If you have looked up at some of New York City’s newest residential towers like Hudson Yards, you may have noticed something mechanical-looking on the roof that appears to be pointing toward the sky. No, it’s not a space gun. It’s a device called a building maintenance unit.
These are small cranes that are permanently installed for a variety of maintenance uses, but are most commonly used for window washing. They can suspend a human, or robot for those still wanting a sci-fi-esque explanation, down the side of the building.
The average unit and installation costs from $1 to $2 million, but the dollars don’t stop rolling there. BMUs must be inspected and re-certified annually, to the tune of $10,000 to $20,000 and they require bi-annual cable replacement, which costs $10,000 to $20,000.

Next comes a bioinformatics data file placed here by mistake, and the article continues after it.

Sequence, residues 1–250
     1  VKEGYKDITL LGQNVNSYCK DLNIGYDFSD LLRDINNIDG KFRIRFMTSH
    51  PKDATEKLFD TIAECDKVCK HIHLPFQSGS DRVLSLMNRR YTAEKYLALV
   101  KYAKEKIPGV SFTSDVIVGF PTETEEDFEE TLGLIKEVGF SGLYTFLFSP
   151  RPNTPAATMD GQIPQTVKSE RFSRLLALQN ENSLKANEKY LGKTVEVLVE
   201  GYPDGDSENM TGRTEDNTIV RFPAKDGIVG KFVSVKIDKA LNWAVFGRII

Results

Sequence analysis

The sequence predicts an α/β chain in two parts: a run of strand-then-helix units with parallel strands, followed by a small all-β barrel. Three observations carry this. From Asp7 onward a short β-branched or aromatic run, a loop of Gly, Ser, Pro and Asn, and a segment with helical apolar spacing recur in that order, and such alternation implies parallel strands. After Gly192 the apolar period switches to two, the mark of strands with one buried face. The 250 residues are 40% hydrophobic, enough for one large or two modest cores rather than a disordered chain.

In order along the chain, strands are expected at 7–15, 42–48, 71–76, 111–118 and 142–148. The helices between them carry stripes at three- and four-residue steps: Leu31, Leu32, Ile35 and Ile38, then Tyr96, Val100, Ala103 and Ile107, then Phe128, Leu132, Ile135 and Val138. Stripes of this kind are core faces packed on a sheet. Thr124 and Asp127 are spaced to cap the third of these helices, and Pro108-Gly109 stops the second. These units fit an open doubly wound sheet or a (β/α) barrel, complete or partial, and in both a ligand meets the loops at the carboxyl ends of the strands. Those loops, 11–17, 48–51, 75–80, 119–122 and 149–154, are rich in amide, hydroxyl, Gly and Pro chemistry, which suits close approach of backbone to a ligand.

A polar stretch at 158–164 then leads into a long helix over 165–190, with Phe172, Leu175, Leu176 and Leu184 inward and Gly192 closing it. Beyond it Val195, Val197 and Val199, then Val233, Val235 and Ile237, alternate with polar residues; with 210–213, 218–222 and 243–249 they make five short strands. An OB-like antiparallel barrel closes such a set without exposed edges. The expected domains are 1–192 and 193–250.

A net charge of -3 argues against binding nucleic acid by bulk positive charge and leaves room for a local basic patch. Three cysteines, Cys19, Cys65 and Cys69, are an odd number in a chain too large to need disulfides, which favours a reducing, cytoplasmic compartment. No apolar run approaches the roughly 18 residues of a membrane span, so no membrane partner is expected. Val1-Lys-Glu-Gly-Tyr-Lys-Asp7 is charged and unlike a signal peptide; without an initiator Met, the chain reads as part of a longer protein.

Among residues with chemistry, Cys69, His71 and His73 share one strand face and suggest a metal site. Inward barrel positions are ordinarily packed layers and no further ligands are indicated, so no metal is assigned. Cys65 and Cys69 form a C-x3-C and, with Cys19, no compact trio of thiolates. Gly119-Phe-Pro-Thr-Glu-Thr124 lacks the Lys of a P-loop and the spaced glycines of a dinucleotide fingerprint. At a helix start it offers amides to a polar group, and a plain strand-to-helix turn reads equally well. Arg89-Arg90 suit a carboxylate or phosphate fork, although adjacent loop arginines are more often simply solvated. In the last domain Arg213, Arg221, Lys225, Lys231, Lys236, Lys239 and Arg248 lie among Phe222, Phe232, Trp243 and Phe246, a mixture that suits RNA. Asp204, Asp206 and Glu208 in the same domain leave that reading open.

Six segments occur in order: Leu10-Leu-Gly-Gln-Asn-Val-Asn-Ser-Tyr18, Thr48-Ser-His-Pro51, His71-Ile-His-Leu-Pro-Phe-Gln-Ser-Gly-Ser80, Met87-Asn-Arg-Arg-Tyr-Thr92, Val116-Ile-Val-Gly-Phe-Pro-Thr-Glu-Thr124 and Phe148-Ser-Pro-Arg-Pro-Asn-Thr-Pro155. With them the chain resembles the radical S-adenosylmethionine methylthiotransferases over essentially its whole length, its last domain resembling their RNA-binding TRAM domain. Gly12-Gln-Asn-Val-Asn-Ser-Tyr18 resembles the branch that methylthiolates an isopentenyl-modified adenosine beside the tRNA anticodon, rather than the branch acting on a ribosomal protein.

The Department of Buildings and the state’s Department of Labor don’t require BMUs to be used for cleaning windows on towers, but new buildings—especially modern designs with steeply pitched roofs—are adding them because they do the job more efficiently and allow workers to reach parts of a building that might otherwise be inaccessible.
They cut the time it takes to wash a building and do other maintenance, like replacing windows and facade panels. Many BMUs can be operated by a remote and have a reach of 130 feet and beyond.
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